Friday, October 15, 2010

The best part of me is him

I love my mother. After reading my last post, "Putting the Fun back in Dysfunctional," she called me to say, "mkromd, I'm not at all the way you described me. I am NOT the epitome of a White Anglo Saxon Protestant Woman," and she actually even believed her own PR... until I reminded her that - when I turned eighteen - she handed me the keys to my car on a Tiffany's key chain with a card that said, "Happy birthday, sweetheart. The keys are the real gift. The key chain is because every woman should have a college education, a black bra, and something from Tiffanys... and she should know how to use all three." To this day, she thinks that's, "Just good life advice."

But this week's story isn't about my mom. It's about my dad.

You see, my father was born during the Great Depression. By three, he was performing in street theatre. By five, he was playing drums to help pay the rent. The story goes something like this... Every day, my dad would sit on the front steps of his apartment building and play popular tunes on garbage can lids and passersby would stop and watch. One day, the owner of a local shoe shop heard him and was so moved that he went to his store, got some leather from the back, and made a drum for my dad - the first one he ever owned. Mr. D liked to say that he discovered my father. My father liked to say, "There's probably some truth in that."

At any rate, by the time my dad was seven, you could tell he was talented. By ten, he was getting noticed. By fourteen, he was sneaking into clubs and playing Jazz all night with locals and legends. By eighteen, he was married, divorced, ex-communicated, and enlisted. And even though it was around the Korean War, the military actually saved his life.

Supposedly, one weekend on leave, my dad and his buddies went out, and my dad did what he always did. He got on stage, picked up the drumsticks, and played. Turns out, someone who knew someone, who knew someone, was there and got him an audition with the Commander and Conductor of the Air Force Band.

When the day came, he and the Master Sergeant for Percussion asked my dad to play something, so he did, and they were impressed. Then they handed him a sheet of music and asked to play something specific... and he couldn't. He couldn't read music. So, he did the next best thing. He asked to hear it played once, then he played it back to them... perfectly. They agreed to take him, but on one condition - that he learn to read music. When my dad said, "Why? If I hear it, I can play it." the Master Seargent replied, "But what about all of the music you never hear?"

He not only became my dad's mentor, they became lifelong friends.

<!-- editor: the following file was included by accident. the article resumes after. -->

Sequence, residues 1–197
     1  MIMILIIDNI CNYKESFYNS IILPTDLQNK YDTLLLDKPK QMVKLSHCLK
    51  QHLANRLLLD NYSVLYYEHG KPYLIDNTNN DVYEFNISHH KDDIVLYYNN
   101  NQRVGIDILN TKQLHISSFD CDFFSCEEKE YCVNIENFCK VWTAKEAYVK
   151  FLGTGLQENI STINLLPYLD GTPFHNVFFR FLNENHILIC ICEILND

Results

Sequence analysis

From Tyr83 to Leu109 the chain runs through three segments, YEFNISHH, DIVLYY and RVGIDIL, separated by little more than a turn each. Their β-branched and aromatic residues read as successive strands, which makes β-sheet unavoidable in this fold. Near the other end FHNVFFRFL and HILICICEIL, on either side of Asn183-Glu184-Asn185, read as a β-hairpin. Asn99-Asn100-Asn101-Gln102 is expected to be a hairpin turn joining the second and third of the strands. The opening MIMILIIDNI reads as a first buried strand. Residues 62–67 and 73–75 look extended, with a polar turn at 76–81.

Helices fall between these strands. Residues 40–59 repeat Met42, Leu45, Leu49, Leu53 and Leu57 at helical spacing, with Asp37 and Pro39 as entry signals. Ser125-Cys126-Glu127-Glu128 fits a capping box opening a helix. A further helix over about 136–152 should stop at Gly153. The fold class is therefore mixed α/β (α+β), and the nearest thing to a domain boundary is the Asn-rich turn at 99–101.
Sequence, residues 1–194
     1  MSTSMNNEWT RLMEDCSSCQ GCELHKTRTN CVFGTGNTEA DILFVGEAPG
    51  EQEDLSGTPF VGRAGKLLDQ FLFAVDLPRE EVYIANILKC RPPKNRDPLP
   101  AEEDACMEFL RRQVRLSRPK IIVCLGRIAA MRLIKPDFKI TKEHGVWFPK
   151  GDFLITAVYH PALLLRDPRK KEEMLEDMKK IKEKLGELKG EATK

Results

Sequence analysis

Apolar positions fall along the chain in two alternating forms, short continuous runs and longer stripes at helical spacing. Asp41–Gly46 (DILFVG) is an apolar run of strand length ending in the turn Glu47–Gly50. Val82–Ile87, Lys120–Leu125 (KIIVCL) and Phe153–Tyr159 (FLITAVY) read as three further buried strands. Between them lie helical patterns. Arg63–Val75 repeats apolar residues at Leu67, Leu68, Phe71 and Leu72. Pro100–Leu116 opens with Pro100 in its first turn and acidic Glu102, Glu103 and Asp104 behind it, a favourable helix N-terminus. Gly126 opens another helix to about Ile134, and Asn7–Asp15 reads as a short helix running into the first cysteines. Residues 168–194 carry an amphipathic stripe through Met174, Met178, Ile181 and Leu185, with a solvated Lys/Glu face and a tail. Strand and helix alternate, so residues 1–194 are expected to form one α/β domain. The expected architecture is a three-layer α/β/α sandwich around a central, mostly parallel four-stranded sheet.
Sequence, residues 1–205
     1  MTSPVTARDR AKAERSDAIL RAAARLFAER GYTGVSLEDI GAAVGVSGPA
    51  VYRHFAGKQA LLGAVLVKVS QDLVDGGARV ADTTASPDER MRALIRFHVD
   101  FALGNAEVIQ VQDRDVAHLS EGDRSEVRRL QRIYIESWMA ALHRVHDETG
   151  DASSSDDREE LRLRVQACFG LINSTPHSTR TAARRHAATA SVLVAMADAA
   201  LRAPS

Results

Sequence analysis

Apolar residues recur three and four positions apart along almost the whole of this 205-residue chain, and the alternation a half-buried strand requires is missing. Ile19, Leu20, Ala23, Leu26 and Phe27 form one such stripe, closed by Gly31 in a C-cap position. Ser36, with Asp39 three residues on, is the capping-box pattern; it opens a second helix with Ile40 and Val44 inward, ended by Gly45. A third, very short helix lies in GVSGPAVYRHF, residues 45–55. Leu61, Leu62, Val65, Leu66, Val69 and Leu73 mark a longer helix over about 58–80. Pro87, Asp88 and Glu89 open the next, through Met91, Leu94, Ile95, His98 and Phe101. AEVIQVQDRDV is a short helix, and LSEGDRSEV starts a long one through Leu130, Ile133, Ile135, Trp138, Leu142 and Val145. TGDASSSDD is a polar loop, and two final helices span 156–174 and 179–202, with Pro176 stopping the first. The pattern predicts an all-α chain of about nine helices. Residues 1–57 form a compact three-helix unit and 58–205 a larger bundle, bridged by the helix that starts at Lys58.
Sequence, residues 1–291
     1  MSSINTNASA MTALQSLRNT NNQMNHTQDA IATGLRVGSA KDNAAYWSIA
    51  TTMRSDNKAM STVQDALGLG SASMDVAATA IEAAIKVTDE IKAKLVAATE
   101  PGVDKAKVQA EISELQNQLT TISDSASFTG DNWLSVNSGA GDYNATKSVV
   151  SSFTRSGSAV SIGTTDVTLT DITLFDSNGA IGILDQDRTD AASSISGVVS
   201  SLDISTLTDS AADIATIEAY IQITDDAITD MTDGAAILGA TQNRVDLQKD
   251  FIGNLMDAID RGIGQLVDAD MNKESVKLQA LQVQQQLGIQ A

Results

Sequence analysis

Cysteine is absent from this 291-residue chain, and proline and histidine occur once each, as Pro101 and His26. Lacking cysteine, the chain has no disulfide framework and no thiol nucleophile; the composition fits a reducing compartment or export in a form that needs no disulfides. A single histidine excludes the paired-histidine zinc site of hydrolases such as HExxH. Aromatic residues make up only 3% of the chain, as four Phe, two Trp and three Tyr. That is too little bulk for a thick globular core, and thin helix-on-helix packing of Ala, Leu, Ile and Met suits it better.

And while our local shoe shop owner loved to take credit for my dad's career, it was actually during those years that he evolved as a musician and learned to play piano. In fact, as a result of being in the Air Force Band, he abandoned drums altogether and became a jazz pianist... a decision he never regretted. It was truly the second love of his life. The first he'd met some years later... it was our mother.

When they were introduced by a mutual friend, my mother thought my father was dashing and Beatnik. He read Kerouac and quoted Allen Ginsberg, and he was worldly and interesting and funny... He thought she was beautiful and brilliant and "a little intimidating," so he asked her out. Much to his genuine surprise, she said yes. So there she was, a week later, ready to go out. Too bad my dad had forgotten the day and time. He stood her up.

She was so offended and so irate that she called him the next day and lambasted him. Horrified, my father very sincerely apologized and asked if he could make it up to her. Begrudgingly, she agreed. Then he stood her up... again. He had gotten the flu, only this time - at least he called her beforehand to explain. Begging for one more chance, and reminding her that, "the third time is always a charm," she gave in. Turns out, it's genetic. God hated my dad, too. Because, on the way to dinner to meet my mom, he got a flat tire.

While he was changing it, my mother drove by, honked, waved, and kept driving. Within 15 minutes, they had both arrived at the restaurant and met in the lobby. My mother - calm, cool, and collected. My father - dirty, sweaty, and late. Instead of saying hello to her, he said, "Why didn't you stop to help me?" Without skipping a beat, my mother replied, "I only came tonight to tell you that you're an asshole. You were changing your tire. I figured you didn't need more bad news. Now that your tire's fixed... You're an asshole." And she walked out.

Clearly though, that's not where the story ends.

The next day at work, she got a long, slender, white box delivered to her office. When she opened it, thinking she'd gotten roses and an apology, she saw something that looked like a giant crowbar. The note read, "Next time you see me with a flat tire, you have to stop. You have my tire iron." Then he signed the card, "the Asshole." She still has it... the note, not the tire iron.

They were married for forty-five years until he passed away from cancer in 2006.